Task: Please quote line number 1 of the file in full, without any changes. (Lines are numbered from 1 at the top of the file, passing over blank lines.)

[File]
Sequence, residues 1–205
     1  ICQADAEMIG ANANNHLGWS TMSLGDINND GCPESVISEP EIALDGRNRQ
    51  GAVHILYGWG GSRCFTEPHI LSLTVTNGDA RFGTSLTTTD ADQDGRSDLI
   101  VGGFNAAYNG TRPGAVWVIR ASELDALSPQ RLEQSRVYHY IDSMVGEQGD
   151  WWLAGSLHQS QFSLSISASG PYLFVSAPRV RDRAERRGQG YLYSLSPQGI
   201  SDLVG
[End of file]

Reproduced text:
Sequence, residues 1–205